WASHINGTON — Dealer groups and market participants criticized the Municipal Securities Rulemaking Board’s draft rule on broker’s brokers last week, saying it would undermine, not improve, secondary market liquidity.

The remarks, in comment letters filed with the MSRB on draft Rule G-43 on the fair pricing obligations of broker’s brokers, come as regulators have stepped up scrutiny of the secondary market. Officials say they are concerned retail investors may not receive fair and reasonable prices when broker-dealers sell municipal securities through broker’s brokers, which are dealers that principally effect transactions for other dealers.

Regulators have also expressed concerns about the role played by broker’s brokers, whose conduct has generated several enforcement cases in recent years.

But in a comment letter filed with the MSRB on Nov. 3, a dealer group said G-43 is unnecessary because existing MSRB rules, as enforced by the Financial Industry Regulatory Authority, already ban the conduct the draft rule seeks to address.

“The information that we have from our members is that, to the extent there had been improper behavior, the enforcement actions undertaken under existing rules have resulted in broker’s brokers generally being more aware of their obligations and responsibilities and improved the conduct of bid-wanted and offerings,” wrote Michael Nicholas, chief executive officer of Bond Dealers of America. “If the MSRB and FINRA have identified additional improper actions, we believe that they should pursue them and that any resulting enforcement actions will have a similar salutary effect.”

An earlier draft of G-43, floated for comment in February, sparked protest from a range of market participants, who objected to provisions governing fair-pricing obligations.

The revised draft, released in September, provoked a similar response.

“Broker’s brokers should not be in any way responsible for making a determination as to fair market value,” wrote O. Gene Hurst, president of Wolfe & Hurst Bond Brokers Inc. in Jersey City.

Specifically, market participants criticized a provision saying that broker’s brokers, who must use reasonable efforts to determine that a price is fair and reasonable, could fall within a so-called safe harbor if they use predetermined parameters designed to identify possible off-market bids in a bid-wanted. In a bid-wanted situation, the selling dealer asks the broker’s broker to obtain the best bid it can find for certain muni securities without specifying a desired price or yield.

Under draft G-43, the predetermined parameters could be based upon yield curves, pricing services, recent trades reported to the MSRB’s Real-Time Transaction Reporting System, or bids submitted to a broker’s broker in previous bid-wanteds or offerings, the board said.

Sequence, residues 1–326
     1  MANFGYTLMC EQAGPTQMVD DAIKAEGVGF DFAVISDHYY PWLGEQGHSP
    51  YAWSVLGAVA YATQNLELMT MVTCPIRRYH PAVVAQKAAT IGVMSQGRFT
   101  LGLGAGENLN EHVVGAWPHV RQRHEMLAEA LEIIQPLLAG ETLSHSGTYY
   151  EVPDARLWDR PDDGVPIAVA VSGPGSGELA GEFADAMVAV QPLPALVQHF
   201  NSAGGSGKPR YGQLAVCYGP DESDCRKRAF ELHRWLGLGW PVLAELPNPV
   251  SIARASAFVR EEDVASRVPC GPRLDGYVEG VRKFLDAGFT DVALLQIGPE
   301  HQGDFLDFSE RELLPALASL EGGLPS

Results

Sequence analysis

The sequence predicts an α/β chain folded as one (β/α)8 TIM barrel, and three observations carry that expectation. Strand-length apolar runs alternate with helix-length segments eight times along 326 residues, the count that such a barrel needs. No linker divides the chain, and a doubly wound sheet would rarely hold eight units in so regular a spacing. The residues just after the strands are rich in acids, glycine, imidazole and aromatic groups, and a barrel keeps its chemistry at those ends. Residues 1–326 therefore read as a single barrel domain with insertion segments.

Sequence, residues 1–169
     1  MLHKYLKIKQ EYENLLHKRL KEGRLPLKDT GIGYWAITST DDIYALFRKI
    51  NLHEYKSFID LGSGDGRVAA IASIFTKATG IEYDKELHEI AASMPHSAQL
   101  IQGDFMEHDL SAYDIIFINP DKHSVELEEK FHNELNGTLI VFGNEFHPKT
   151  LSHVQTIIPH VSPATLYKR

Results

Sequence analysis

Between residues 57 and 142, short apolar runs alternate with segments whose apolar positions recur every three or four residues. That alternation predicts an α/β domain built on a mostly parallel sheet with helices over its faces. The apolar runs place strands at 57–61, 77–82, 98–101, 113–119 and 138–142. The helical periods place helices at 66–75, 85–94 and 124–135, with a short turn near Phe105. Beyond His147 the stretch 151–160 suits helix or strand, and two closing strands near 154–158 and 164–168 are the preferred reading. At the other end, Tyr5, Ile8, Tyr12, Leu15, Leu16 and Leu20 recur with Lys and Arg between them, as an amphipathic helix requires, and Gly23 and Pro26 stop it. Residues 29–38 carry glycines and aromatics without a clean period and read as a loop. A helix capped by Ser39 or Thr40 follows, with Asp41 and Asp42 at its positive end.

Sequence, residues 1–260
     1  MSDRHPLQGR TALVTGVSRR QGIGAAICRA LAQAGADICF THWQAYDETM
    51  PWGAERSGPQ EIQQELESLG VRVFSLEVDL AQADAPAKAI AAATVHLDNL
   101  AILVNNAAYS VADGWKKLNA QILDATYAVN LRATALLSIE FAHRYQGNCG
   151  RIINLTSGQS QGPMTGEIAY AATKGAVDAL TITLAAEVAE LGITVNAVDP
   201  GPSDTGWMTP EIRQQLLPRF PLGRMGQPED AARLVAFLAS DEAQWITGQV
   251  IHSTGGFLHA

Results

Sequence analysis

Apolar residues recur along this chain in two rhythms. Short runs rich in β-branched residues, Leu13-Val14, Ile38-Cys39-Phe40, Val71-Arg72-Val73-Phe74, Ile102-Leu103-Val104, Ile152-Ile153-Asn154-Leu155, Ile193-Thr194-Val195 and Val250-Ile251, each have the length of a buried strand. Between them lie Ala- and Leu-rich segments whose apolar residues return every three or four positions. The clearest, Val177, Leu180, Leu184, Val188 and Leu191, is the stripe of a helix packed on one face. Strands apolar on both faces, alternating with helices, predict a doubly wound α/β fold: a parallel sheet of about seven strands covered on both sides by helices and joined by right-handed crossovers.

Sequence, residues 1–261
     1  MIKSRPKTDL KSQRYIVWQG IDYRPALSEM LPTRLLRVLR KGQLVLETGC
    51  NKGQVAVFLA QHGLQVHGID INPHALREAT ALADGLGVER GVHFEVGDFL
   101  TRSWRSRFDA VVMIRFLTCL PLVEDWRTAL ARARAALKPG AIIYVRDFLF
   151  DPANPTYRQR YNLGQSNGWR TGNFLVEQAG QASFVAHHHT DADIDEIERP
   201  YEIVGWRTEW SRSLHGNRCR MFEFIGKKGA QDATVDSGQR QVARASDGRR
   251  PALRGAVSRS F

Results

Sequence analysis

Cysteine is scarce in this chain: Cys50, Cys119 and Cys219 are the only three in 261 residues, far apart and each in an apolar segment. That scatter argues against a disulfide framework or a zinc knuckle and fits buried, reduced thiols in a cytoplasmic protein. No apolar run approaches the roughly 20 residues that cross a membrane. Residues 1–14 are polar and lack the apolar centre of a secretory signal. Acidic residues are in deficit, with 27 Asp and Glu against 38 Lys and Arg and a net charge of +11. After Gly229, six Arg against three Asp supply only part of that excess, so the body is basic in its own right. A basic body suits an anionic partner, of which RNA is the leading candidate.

Broker’s brokers would also be required to notify the seller if the highest bid in a bid-wanted fell below the predetermined parameters, and would have to receive the seller’s permission before proceeding with the trade.

But Hurst wrote that the MSRB’s proposed revisions, including the safe harbor, serve as a “mandate” for the conduct of bid-wanteds and bid-offerings.

Any responsibility to determine the fairness of a bid obtained by a broker’s broker should rest “solely” with broker-dealers, who have the “tools and resources” to determine fair and reasonable pricing, he said.

Nicholas, meanwhile, warned the proposed rule could prove counterproductive.

If a broker’s broker “set the parameters too broadly on the upper end,” erroneous bids would not be identified, the bidder would not be notified and might, in future dealings with that broker’s broker, bid more conservatively or not at all, he wrote. The result would be “reduced liquidity in the market and lower prices for investors,” he said.

Similarly, if a broker’s broker set the parameters too narrowly on the lower end, the selling broker would receive a notice and might not go through with the trade, or “risk litigation if it did,” Nicholas wrote.

Another industry group struck a similar theme: “Any impediments to trading in what is already a labor-intensive market must be carefully reviewed to ensure that the burdens to liquidity are justified,” wrote Leslie Norwood, managing director and co-head of the muni division of the Securities Industry and Financial Markets Association.

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